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3rd Quarter 2013 Newsletter

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Tapping On Technology In Special Needs Learning

Building on the recent developments in touch-screen technology, researchers from Nanyang Technological University (NTU) have developed interactive multi-touch tabletop applications that facilitate learning for children with learning difficulties.

With funding of $500,000 by the Singapore Millennium Foundation, this three-year project aims to enhance the teaching of collaborative play among students with special needs using the multi-touch tabletop. Through the development of game-based activities that require students to work together in order to complete the tasks, the team aims to facilitate the development of social skills among the students, who find it hard to interact with other individuals.

To test the effectiveness of these applications, the NTU research team partnered MINDS - Fernvale Gardens School, a Special Education School. The multi-touch tabletop applications were used in the junior, senior and special classes for several months and were positively received by the teachers and students. “Many of the special needs students took to the technology readily,” shares Associate Professor Goh Wooi Boon, who leads the research team. The students have responded so well to the multi-touch table that the teachers and occupational therapists have applied the use of the tool in other areas such as improving hand-eye coordination.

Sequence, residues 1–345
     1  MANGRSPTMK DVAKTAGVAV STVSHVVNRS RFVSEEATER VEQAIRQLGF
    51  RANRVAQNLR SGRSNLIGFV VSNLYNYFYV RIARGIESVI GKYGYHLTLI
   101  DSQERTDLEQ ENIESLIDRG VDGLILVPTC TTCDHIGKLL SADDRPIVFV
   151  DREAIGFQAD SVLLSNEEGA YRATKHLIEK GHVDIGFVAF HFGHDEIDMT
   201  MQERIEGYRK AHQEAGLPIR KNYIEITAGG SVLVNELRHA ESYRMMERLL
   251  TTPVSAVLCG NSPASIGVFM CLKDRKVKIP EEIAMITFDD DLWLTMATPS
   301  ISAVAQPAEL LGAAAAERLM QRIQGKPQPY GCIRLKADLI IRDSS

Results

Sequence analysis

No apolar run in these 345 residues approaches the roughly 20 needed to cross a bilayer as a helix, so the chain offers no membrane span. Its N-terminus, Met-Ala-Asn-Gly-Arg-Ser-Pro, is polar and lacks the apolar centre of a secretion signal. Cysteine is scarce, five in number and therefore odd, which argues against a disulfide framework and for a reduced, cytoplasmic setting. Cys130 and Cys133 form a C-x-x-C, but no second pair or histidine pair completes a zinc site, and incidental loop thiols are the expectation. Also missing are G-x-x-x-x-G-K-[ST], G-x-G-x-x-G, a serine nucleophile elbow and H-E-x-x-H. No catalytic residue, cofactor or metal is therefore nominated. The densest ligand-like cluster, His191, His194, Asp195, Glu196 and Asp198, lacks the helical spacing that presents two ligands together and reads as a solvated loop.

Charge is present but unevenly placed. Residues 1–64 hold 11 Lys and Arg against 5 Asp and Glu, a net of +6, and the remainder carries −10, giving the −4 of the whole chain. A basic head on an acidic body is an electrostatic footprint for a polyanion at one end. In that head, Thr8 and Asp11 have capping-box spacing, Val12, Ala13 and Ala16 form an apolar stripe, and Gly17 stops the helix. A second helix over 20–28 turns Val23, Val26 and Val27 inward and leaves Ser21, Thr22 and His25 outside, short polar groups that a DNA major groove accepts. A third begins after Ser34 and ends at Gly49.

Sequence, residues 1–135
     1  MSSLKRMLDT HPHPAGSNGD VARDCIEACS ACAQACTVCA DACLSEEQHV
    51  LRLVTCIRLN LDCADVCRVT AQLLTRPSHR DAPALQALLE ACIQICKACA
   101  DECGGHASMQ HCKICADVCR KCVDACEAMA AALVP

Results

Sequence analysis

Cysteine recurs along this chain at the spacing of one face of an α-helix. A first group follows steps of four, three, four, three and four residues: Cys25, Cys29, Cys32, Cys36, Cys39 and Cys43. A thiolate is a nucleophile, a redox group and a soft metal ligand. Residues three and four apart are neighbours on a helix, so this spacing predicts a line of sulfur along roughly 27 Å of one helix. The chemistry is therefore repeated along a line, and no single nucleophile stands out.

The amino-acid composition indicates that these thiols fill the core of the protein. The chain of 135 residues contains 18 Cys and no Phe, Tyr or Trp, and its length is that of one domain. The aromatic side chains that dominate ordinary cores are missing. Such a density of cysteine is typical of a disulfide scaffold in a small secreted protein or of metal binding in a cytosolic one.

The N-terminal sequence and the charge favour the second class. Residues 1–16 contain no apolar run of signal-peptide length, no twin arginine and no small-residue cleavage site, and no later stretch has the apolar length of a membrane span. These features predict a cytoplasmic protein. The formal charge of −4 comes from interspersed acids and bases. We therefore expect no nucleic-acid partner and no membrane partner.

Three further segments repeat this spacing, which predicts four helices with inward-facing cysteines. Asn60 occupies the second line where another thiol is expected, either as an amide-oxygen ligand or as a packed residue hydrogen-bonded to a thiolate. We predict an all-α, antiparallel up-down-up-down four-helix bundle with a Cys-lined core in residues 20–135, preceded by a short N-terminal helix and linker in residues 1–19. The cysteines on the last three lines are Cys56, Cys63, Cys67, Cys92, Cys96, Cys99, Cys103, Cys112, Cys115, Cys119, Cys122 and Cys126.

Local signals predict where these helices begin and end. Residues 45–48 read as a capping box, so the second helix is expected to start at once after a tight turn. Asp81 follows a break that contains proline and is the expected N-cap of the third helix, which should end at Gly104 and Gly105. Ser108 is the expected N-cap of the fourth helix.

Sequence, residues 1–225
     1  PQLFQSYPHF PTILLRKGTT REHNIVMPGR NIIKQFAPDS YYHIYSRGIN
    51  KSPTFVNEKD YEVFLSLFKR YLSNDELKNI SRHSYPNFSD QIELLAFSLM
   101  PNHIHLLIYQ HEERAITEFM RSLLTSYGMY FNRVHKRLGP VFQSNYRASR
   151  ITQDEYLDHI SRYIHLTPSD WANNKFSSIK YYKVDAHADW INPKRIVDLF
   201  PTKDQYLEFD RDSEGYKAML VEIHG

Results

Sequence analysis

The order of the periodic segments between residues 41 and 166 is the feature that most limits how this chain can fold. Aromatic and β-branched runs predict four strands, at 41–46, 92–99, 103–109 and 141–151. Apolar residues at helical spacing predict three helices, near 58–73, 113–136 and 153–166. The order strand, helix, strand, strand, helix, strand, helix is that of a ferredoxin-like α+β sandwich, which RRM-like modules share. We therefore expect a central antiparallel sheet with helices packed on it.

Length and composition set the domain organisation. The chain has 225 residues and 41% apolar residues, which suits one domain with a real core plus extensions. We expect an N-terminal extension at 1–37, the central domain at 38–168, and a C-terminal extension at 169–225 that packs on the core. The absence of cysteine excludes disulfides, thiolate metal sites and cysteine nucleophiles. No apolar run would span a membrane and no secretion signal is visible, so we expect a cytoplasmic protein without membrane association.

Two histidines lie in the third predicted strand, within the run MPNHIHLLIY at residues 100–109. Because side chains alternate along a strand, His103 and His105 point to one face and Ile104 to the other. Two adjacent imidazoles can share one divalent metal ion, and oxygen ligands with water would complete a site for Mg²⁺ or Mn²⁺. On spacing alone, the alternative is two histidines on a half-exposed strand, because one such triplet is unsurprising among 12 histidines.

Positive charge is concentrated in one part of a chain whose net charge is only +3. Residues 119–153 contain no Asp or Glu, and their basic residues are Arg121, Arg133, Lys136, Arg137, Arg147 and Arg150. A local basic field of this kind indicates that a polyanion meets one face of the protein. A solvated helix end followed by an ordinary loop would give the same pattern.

Given the positive feedback, the team has embarked on the second phase of the project which integrates the use of mobile phones on the multi-touch table, allowing for greater range of movement. This enables the design of activities that will further enhance collaborative play and introduces potential for therapy involving the whole hand or body motion coordination.

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Protein Research - Unfolding The Mystery

The basic building blocks of the human body, proteins are folded within the human cells during their production. Unfolded proteins can cause many diseases, including Alzheimer’s disease, cancer, and cystic fibrosis.

The lack of understanding of the mechanisms behind protein folding has been a roadblock in developing therapeutic methods. However, scientists at Temasek Life Sciences Laboratory have made a groundbreaking discovery that could pave the way for future research in this area.

Led by Associate Professor Davis Ng, the team has discovered the cell mechanism which disables folding and removes the unfolded proteins, which can become toxic when accumulated, from the body. While this phenomenon has been suggested in previous research, Associate Professor Ng’s team is the first to discover how the mechanism actually works. Their findings have since been published in the scientific journal Science.